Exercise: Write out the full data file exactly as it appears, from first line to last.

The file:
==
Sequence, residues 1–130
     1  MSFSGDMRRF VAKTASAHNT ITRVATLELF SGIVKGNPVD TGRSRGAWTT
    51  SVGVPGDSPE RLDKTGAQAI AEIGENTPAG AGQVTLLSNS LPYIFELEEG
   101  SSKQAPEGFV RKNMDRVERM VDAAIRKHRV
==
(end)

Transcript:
Sequence, residues 1–130
     1  MSFSGDMRRF VAKTASAHNT ITRVATLELF SGIVKGNPVD TGRSRGAWTT
    51  SVGVPGDSPE RLDKTGAQAI AEIGENTPAG AGQVTLLSNS LPYIFELEEG
   101  SSKQAPEGFV RKNMDRVERM VDAAIRKHRV